• [...]   as summer comes to an end, an hence the ending of the flops of summer, i was going to pick a notorious f.l.o.p. like jonah hex, catwoman, johnny mnemonic or the island of dr. moureau ’96. but chris rock has a new movie out (2 days in paris 2: 2 days in new york, and madagascar 3 counts as a movie, i guess) and i don’t want to miss out on all the decennial celebration in regard to bad company (2002). i couldn’t find anything online but there are ten-year-anniversary festivities celebrating the ten year anniversary of the release of bad company (2002), right? i also thought it would be interesting to see something that’s on the other end of the spectrum of our last movie, david mamet’s redbelt, which cost ten times less than bad company (2002). it turns out to be a beautiful coincident that this is the antithesis to mamet’s philosophy. [...]

  • [...] often guilty of sacrificing plot in the name of character development. My agent actually sent me a rant by a TV writer to help with this issue. I can’t put it better than he does–every character should want [...]

  • [...] exercise was inspired by reading David Mamet’s Master Class Memo to the Writers of THE UNIT.  If you want to learn to create great drama in your story, you must read this memo. Spread the [...]

  • CStoriz says:

    With the garbage that is on television now, it's a shame that a quality drama such as The Unit was cast aside. How I would love to see a movie, reunion, extension picked up by another network. I recently downloaded the original book, Inside Delta Force, by Eric Haney due to this show. Who do we have to write to get networks to reinstate a show? To me, this was one show that could have kept going. I'm now watching it again on Netflix.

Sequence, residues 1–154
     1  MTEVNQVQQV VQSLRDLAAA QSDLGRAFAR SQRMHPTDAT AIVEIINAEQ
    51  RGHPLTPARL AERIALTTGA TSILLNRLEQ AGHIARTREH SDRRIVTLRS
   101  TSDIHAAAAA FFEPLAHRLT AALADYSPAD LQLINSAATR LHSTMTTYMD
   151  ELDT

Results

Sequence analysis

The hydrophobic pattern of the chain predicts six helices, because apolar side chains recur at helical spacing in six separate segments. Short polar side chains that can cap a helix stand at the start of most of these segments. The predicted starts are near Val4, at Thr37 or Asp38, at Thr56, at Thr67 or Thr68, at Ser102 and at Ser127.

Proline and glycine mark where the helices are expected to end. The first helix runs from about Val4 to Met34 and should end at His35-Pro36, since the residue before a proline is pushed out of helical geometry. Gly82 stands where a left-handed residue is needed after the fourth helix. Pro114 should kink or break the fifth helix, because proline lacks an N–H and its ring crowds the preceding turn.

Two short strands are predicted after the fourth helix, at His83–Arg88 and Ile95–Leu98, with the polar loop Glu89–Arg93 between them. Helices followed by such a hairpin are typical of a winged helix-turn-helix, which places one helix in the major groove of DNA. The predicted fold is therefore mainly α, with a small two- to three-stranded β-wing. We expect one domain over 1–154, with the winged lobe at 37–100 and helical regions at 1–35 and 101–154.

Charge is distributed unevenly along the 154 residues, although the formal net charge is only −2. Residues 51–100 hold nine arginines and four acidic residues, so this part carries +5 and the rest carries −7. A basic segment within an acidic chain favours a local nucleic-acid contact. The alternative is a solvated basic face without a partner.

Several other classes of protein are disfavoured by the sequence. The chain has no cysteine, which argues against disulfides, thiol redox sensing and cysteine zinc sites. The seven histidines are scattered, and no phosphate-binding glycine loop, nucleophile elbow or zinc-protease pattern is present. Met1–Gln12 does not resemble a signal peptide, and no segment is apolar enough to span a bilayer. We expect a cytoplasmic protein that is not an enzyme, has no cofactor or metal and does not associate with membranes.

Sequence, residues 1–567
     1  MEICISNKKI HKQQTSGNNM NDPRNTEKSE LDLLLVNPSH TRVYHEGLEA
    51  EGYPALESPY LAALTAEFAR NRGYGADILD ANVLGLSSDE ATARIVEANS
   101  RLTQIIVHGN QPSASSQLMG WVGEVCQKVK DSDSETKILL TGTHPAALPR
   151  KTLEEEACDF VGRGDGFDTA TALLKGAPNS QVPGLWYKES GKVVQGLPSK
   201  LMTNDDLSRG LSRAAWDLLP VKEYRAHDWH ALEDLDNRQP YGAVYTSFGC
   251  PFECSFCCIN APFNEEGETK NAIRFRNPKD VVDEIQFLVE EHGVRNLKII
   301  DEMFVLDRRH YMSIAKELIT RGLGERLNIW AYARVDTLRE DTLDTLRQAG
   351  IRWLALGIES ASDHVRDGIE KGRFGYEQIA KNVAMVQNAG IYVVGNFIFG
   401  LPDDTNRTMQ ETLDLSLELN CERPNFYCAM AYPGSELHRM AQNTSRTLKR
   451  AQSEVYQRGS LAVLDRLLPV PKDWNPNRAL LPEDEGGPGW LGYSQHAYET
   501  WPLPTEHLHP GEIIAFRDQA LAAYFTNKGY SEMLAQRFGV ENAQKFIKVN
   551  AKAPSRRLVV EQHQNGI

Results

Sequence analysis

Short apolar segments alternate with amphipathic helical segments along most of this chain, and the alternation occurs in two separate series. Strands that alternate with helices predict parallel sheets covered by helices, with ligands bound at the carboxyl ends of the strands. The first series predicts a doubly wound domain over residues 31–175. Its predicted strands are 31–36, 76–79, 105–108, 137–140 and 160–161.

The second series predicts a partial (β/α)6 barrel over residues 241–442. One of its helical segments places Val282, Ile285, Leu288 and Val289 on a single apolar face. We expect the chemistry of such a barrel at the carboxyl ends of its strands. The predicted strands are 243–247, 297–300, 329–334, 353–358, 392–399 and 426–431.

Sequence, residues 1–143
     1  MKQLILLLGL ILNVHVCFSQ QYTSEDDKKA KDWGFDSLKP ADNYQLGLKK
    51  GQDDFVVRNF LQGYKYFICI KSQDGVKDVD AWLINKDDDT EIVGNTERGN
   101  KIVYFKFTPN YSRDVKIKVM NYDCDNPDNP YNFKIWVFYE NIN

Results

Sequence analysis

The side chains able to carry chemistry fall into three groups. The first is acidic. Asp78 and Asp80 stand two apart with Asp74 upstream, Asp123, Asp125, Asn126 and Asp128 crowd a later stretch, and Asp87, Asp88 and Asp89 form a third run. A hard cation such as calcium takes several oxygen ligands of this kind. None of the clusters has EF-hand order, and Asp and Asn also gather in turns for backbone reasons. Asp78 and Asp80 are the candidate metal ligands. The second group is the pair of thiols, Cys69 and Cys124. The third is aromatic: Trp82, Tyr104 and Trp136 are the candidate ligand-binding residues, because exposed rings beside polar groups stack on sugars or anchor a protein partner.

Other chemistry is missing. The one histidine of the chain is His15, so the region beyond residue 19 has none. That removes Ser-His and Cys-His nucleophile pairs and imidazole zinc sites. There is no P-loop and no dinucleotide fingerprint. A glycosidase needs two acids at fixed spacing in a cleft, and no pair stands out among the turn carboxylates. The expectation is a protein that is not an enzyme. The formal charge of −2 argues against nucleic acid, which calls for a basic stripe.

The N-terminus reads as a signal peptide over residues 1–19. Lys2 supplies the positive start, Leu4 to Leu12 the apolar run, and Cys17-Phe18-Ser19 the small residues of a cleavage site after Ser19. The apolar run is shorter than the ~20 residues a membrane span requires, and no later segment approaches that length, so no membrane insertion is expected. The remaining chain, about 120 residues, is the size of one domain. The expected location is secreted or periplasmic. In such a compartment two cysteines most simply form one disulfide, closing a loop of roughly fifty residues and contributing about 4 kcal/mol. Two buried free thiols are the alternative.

• mo says:

      How I'd love to see it revived! Even a made for TV movie wrapping things up would be welcome.

      What a great show. It is indeed a shame, especially when I see the dreck out there today.

      • Alex Stowe says:

        Great show the Unit. Bring back new episodes. Snake Doctor and his crew are the best. They play their roles very well.

  • [...] enough into my real anxiety. I hadn’t weaved in answers to the dramatic questions the playwright David Mamet insists must permeate every page: Who wants what from whom? What happens if they don’t get it? Why [...]

  • [...] can read the whole thing on movieline.com, but here are some excerpts (slightly edited by me to keep this site [...]

  • [...] there today in some way, large or small, whether it’s realized or not. Mamet’s famous memo to the writers of The Unit is worth a read, at the very [...]

  • [...] David Mamet’s Memo To Writers From The Unit This is a memo that leaked onto the Interwebz a while back… great advice for all writers.  Not just TV writers. [...]